Economic collapse and halting international aid following the Taliban’s takeover have compounded shortages that were already deepening; we examine the unfolding disaster.
The verdict in a blockbuster case against Apple might look like a win for the tech giant; a closer read reveals new battle lines. And the data that reveal how polluters behave when regulators are not watching.
Airtags: The size of Mentos or a Lifesaver? A redesigned super-slim iMac? Lost-item trackers called AirTags? An Apple TV remote that doesn’t suck? New iPad Pros with M1 chips? Apple announced a hodgepodge of updates at a spring event. WSJ’s Joanna Stern has the rundown. Photo Illustration: Adele Morgan
Big Tech Fight Night: Cook vs. Zuck A new privacy feature in Apple’s iOS 14.5 requires apps to request permission to track you. And Facebook isn’t happy about it. WSJ’s Joanna Stern put Facebook CEO Mark Zuckerberg and Apple CEO Tim Cook into the ring to explain why this software update has kicked off a tech slugfest. Photo illustration: Preston Jessee for The Wall Street Journal Personal Technology With Joanna Stern Technology is overwhelming and making decisions about what gadget to buy is harder than ever. WSJ personal tech columnist Joanna Stern makes it all a bit easier in her lively and informative videos.
As tech companies become a key part of the auto industry, cars are looking more like giant computers on wheels. To understand why a tech giant like Apple might want to make a car, we built one out of iPhone parts. Photo illustration: Alex Kuzoian/WSJ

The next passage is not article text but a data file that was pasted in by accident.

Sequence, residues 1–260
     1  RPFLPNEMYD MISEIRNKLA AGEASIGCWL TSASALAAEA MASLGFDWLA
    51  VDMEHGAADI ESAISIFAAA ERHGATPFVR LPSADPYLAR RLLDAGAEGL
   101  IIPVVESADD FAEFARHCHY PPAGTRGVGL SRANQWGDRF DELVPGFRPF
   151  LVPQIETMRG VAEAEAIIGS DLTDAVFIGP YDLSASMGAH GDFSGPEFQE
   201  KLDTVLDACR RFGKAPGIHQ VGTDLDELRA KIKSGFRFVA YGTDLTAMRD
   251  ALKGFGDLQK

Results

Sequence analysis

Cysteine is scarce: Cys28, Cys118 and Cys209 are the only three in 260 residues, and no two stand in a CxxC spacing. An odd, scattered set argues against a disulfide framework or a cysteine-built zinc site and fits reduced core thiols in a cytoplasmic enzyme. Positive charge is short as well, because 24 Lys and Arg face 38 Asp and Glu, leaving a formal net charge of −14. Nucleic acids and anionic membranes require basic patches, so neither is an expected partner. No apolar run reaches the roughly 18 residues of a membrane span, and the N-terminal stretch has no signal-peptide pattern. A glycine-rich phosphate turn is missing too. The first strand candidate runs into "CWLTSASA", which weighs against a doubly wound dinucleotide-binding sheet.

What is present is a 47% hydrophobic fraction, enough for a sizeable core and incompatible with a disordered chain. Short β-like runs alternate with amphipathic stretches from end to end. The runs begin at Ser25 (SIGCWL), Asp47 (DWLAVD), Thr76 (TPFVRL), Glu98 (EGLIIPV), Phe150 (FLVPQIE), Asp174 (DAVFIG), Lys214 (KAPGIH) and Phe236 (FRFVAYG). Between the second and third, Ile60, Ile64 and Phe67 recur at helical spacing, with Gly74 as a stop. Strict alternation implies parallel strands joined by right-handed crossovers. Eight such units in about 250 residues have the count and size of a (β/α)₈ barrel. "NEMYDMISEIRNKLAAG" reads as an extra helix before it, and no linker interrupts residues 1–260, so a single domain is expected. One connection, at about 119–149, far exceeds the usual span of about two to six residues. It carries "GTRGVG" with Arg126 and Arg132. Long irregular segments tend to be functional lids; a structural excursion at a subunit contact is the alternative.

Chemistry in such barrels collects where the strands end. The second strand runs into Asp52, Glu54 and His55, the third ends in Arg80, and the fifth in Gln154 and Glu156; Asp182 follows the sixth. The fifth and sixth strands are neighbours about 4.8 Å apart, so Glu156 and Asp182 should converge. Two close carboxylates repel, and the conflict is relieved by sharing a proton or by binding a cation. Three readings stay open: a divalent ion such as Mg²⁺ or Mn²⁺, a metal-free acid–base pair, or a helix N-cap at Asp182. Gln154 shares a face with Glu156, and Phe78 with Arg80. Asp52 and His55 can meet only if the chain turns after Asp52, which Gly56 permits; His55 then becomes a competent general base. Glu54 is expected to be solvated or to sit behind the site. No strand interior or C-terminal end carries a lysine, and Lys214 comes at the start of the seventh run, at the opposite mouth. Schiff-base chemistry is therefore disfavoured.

Tesla’s gigafactory and Apple’s second-largest campus aren’t the only big businesses coming to Texas. From Oracle to Hewlett Packard Enterprise, Elon Musk to Joe Rogan, Texas has lured an increasing number of big businesses and billionaires away from California since the pandemic began. While California’s population and job growth both slowed to a trickle, Texas added more residents than any other state in 2020. CNBC talks to those moving and longtime Texans about the reasons behind the trend and what it could mean for the future of the Lone Star State.
Apple has quietly given its Camera app a major overhaul — with great tricks hidden in its interface. WSJ’s Kenny Wassus demos the new features, from simultaneous video and photo capture to Burst Mode and the new Pro Raw format.
Is cash still king? The coronavirus pandemic may cause a drastic decline in cash usage due to the risk of contamination. The unprecedented surge in the demand for contactless payment has also shown outstanding performances for major companies offering cashless payment methods, like Apple, Square and Paypal. Could covid-19 signal the end of cash in the United States and can the U.S. really function without physical currency?
Every time Californian tech giant Apple puts out a new product, it makes headlines around the world. That was true of its early home computers – the first to use a recognizably modern user interface – and it was even more true of the iPod, which singlehandedly revolutionized the music industry. Not to mention the very smartphone you’re probably watching this video on.
But the world’s biggest and best-loved technology company isn’t done yet. For several years, now Apple engineers have secretly been eyeing up transportation as the next industry ripe for their unique brand of scorched-earth disruption. So today we’re asking the question – when will we see the Apple Car?
This week a judge heard the first arguments in an antitrust case that could reshape the software ecosystem. Who will be the real winners and losers of this digital deathmatch? Quantum computers have limited capabilities, but the technology may yet live up to its promise.
And, how understanding the evolutionary history of exercise could help get people moving. Kenneth Cukier hosts.